As the quintessential man of letters, Roland Barthes had the genial gift of being able to sympathize with an endless variety of discourses, texts, myths, and semiotic systems. The profusion of apparent subjects-Japan, Brecht, Balzac, photography, "mythologies," classical writing, the theater-is perhaps calculated to provoke the purist who insists on the values of thoroughness and well-grounded inquiry. At the same time, one would have to be obtuse to fail to recognize the critical projects that animate the many books, essays, and studies; these are explorations that put into question the often closed and crabbed commitment of the scholar or critic to the confines of what he or she knows in "proper" serious fashion.
Barthes's Empire of Signs may stand as the emblem of his polemic with scholarship; it is an imaginary voyage, undertaken by a traveler who deliberately eschews a knowledge of the language of the country where he travels and dispenses with the apparatus extensive studies of history, literature, and culture-that the traveling scholar typically employs to attain some simulacrum of the mastery that is comfortably taken for granted when one is "at home" with one's own specialty or Fach. Barthes's desire to slide over the surface of Japanese life is, however, tied to his attempt to suspend or, as the phenomenologists (to whom we shall return) would say, "bracket" the Western metaphysical commitment to the values of the center and interiority. Barthes proposes to contest these values and the binary categories of center/periphery and interior/exterior that they exemplify and reinforce. In attributing the Western taste for concentric cities with a full center to "the very movement of Western metaphysics, for which every center is the site of truth," his language comes surprisingly close to the philosophical thematics of Derrida and Deleuze. We might be tempted to say that Barthes is an imaginary traveler in philosophy as well as in Japan. In fact, there are resonances of philosophy and its language(s) throughout Barthes's work, sometimes oblique, sometimes polemical, sometimes simply as part of a body of reference texts (as in A Lover's Discourse). The first book, Writing Degree Zero, is a sustained answer to Sartre's What Is Literature? while the last book, Camera Lucida, is dedicated to Sartre's L'Imaginaire; the names of Plato, Descartes, Hegel, Nietzsche, Husserl, and a bevy of more recent French philosophers play across Barthes's pages.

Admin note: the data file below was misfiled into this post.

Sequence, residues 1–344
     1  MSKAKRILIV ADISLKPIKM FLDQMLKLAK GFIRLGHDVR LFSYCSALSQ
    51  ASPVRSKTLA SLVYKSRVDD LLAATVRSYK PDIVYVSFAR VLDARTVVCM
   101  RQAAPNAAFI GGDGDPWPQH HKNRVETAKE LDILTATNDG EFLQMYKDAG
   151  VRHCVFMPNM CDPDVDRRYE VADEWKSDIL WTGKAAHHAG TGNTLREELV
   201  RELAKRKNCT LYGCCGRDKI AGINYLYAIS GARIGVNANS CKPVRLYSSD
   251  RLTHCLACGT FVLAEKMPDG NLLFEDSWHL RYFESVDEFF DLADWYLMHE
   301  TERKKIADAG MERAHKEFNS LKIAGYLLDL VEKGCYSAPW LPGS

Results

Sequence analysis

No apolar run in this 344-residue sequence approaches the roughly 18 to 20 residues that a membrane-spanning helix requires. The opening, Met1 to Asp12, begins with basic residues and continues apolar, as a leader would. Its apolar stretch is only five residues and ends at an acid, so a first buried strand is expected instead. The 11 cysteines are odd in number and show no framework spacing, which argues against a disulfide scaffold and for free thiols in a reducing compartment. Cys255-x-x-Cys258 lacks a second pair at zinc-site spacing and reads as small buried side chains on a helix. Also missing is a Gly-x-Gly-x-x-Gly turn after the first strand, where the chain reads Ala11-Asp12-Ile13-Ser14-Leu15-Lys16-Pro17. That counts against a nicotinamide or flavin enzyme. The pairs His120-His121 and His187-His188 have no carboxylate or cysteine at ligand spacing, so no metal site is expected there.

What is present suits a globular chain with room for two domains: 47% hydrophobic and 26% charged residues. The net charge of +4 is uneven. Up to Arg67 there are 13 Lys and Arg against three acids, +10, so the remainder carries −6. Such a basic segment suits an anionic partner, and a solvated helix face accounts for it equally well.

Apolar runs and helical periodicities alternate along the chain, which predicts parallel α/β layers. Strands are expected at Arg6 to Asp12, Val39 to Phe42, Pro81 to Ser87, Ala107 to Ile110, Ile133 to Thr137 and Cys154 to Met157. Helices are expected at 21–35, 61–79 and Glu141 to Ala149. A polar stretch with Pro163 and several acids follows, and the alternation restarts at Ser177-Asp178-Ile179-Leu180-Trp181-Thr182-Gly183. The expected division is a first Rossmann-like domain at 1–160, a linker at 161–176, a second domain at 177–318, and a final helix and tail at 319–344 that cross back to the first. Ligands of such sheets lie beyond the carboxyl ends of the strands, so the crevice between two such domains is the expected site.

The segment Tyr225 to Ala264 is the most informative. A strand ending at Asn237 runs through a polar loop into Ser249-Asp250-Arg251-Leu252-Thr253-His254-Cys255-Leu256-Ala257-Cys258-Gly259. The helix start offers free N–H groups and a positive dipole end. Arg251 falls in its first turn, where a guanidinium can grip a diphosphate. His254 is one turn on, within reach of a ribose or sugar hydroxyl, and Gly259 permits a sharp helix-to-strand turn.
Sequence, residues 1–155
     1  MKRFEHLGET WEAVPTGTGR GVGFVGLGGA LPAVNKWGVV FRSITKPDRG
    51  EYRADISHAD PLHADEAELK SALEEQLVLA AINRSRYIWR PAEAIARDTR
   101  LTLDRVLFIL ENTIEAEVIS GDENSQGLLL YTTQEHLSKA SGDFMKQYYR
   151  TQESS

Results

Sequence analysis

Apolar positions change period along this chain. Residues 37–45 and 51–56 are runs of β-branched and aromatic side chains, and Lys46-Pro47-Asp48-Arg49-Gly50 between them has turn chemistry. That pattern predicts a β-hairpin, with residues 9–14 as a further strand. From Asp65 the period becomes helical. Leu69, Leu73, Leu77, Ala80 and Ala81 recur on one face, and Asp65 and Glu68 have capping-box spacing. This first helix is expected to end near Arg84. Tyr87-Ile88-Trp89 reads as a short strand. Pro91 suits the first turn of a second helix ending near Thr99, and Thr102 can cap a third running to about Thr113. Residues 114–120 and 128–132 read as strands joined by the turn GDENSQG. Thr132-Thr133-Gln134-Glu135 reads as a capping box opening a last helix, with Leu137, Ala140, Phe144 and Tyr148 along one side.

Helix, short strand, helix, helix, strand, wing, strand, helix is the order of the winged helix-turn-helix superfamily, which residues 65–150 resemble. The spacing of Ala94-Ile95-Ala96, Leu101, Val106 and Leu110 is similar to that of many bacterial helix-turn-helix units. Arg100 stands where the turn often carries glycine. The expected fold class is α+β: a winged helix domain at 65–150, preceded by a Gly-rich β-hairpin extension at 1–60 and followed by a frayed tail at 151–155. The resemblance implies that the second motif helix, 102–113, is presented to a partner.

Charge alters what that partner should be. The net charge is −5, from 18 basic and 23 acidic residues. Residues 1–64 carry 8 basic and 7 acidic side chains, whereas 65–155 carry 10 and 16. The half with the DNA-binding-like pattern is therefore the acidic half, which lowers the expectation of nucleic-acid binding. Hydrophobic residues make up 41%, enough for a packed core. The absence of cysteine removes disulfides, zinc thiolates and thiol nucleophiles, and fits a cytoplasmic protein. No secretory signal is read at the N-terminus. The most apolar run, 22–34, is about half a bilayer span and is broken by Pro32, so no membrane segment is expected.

Essay by Dr. Gary Shapiro is from Signs in Culture: Roland Barthes Today, edited by Steven Ungar and Betty R. McGraw, published by the University of Iowa Press. Copyright © 1989 by the University of Iowa Press. Archived with permission. All rights reserved.
Shapiro, Gary. "To Philosophize Is to Learn to Die." In Signs in Culture: Roland Barthes Today, edited by Steven Ungar and Betty McGraw, 3-31. Iowa City: Univeristy of Iowa Press, 1989.